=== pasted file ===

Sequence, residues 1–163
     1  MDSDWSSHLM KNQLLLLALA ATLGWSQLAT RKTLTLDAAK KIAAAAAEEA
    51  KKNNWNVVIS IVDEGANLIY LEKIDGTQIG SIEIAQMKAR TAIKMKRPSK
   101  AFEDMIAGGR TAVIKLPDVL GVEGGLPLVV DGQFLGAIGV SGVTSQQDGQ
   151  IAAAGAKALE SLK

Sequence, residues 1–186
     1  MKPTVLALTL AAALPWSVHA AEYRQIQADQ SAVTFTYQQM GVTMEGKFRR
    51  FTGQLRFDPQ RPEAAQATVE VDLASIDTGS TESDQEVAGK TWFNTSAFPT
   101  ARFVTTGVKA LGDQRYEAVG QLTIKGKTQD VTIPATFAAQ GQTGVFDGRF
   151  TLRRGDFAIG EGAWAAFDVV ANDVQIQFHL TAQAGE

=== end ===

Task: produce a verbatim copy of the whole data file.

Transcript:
Sequence, residues 1–163
     1  MDSDWSSHLM KNQLLLLALA ATLGWSQLAT RKTLTLDAAK KIAAAAAEEA
    51  KKNNWNVVIS IVDEGANLIY LEKIDGTQIG SIEIAQMKAR TAIKMKRPSK
   101  AFEDMIAGGR TAVIKLPDVL GVEGGLPLVV DGQFLGAIGV SGVTSQQDGQ
   151  IAAAGAKALE SLK

Sequence, residues 1–186
     1  MKPTVLALTL AAALPWSVHA AEYRQIQADQ SAVTFTYQQM GVTMEGKFRR
    51  FTGQLRFDPQ RPEAAQATVE VDLASIDTGS TESDQEVAGK TWFNTSAFPT
   101  ARFVTTGVKA LGDQRYEAVG QLTIKGKTQD VTIPATFAAQ GQTGVFDGRF
   151  TLRRGDFAIG EGAWAAFDVV ANDVQIQFHL TAQAGE